In a recent criminal case in Jacksonville, Florida, the police were executing a search warrant at the defendant’s home and found several guns throughout the house along with ammunition for some of the guns. The defendant had previously been convicted of a felony. In Florida, a convicted felon is not permitted to own or possess a firearm. Possession of a firearm by a convicted felon is a serious felony crime for which the state often recommends jail or prison time.
In this case, all of the guns and the ammunition were found in the same home (although in different places within the home) and during the same search. The state charged the defendant with multiple counts of possession of a firearm by a convicted felon and possession of ammunition by a convicted felon- one count of possession of a firearm by a convicted felon for each firearm and one count of possession of ammunition by a convicted felon for all of the ammunition.
A motion to dismiss the charges was filed alleging that the state was only permitted to charge the defendant with one count of possession of a firearm or ammunition by a convicted felon for all of the items found in the home. Based on the wording of this criminal statute, the state was not allowed to file multiple charges for the multiple firearms or even separate charges for the firearms and ammunition. The judge’s ruling was mixed, and we eventually appealed to the appellate court.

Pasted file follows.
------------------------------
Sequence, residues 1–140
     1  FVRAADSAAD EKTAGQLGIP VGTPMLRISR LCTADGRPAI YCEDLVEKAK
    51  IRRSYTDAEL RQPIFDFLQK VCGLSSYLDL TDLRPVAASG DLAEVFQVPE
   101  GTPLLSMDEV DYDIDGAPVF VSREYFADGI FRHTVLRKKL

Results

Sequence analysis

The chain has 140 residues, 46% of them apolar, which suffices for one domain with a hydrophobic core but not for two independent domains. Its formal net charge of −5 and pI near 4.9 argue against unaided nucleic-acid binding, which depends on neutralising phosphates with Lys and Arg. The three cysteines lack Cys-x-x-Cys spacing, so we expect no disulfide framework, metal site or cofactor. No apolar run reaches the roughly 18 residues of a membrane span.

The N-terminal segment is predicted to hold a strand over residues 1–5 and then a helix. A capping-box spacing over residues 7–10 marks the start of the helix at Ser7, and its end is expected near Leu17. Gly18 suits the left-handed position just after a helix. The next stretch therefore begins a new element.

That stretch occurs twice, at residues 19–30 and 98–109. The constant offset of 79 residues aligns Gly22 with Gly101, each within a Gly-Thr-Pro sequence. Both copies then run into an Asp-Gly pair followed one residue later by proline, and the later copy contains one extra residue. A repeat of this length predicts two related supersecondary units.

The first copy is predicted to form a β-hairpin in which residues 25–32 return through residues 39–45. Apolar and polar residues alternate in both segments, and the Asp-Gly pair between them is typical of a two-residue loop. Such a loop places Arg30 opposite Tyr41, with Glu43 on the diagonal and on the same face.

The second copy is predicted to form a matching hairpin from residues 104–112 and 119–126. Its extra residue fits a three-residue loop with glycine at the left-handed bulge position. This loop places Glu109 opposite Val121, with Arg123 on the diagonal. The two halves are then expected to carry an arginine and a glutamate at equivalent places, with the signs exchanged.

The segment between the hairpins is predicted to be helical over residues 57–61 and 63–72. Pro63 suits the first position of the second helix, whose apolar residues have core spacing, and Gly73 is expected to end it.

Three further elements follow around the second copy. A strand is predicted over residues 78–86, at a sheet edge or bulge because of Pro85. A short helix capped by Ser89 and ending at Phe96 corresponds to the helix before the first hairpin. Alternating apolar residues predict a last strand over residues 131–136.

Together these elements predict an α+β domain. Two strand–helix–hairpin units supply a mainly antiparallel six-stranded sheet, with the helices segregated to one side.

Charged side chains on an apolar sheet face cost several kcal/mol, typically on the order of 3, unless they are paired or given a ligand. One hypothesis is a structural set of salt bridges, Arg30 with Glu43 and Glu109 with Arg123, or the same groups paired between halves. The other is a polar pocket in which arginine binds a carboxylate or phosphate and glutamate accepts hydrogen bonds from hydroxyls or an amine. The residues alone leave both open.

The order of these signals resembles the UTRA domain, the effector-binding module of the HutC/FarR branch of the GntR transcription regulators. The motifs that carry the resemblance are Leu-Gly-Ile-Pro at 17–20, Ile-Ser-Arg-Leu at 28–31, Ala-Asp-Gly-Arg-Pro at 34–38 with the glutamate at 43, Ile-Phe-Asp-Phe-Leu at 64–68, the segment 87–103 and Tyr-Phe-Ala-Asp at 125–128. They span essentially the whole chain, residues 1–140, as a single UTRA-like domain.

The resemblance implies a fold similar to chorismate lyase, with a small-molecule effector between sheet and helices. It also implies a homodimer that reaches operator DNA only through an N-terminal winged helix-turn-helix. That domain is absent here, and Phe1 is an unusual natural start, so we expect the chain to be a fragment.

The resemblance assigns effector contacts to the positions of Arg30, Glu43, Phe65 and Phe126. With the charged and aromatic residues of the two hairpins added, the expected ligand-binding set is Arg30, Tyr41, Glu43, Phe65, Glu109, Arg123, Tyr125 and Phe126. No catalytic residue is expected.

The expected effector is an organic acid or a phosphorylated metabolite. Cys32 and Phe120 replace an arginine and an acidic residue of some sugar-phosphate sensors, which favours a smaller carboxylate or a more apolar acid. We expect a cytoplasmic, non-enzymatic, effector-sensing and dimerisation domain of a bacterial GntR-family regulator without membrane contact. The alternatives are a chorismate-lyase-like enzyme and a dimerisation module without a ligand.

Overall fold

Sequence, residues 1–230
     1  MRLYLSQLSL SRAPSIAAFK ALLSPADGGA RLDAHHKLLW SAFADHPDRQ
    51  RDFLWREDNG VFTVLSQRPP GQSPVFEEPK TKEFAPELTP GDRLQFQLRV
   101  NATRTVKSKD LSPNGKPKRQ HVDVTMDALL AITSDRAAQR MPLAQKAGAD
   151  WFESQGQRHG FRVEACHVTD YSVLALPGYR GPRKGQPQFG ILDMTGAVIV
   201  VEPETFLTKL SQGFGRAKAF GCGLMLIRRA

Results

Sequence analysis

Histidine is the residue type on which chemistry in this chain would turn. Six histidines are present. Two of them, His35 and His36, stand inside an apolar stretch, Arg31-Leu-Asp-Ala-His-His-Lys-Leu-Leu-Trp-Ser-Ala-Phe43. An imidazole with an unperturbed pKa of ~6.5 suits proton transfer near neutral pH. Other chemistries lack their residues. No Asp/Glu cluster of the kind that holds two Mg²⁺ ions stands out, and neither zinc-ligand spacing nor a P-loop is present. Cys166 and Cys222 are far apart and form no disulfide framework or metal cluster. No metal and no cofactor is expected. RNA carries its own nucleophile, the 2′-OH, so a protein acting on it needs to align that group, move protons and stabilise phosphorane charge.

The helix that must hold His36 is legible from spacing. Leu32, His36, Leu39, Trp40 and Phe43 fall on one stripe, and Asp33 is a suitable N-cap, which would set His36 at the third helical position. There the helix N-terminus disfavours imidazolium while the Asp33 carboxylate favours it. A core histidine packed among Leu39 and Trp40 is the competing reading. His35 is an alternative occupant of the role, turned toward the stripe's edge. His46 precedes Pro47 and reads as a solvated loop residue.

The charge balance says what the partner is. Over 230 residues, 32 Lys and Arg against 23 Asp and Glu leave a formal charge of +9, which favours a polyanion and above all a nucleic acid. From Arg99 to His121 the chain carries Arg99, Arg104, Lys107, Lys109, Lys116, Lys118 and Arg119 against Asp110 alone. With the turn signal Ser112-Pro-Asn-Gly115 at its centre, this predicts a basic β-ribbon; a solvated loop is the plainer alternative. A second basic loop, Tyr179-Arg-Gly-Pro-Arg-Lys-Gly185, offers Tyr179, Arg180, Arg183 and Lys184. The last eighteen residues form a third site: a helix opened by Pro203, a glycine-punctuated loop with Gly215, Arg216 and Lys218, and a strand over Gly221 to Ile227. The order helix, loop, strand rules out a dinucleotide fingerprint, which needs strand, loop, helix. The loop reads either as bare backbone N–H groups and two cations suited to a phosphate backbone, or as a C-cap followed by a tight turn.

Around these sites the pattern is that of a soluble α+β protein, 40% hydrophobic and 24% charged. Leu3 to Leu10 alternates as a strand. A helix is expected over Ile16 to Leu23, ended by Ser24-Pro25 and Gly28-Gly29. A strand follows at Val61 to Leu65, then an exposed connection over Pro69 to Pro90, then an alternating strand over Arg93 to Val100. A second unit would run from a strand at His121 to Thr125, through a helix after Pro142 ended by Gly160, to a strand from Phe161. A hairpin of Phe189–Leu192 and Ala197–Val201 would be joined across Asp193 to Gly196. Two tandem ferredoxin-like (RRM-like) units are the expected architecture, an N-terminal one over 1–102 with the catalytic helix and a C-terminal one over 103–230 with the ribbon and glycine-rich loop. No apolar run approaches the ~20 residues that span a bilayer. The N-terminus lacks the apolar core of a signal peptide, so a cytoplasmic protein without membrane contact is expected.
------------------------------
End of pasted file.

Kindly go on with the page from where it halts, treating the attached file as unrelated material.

The appellate court ruled for the defendant. The statute making it a crime to possess a firearm(s) or ammunition after having been convicted of a felony was written in such a way that the state is limited to charging just one count of either possession of a firearm by a convicted felon or possession of ammunition by a convicted felon in a situation where the polcie find multiple firearms and/or ammunition during a single incident.
This has at least two significant benefits for the defendant. The crimes of possession of a firearm by a convicted felon and possession of ammunition by a convicted felon are serious charges and carry maximum penalties of 5 years in prison for each count. Limiting the state to a single charge obviously limits the defendants exposure to a greater prison sentence. Also, when the state presents the jury with several gun and ammunition charges, it has the effect of prejudicing the jury and making the case and the defendant look worse than they really are. Therefore, limiting the state to one charge does not unfairly prejudice the defendant before the jury hears the evidence.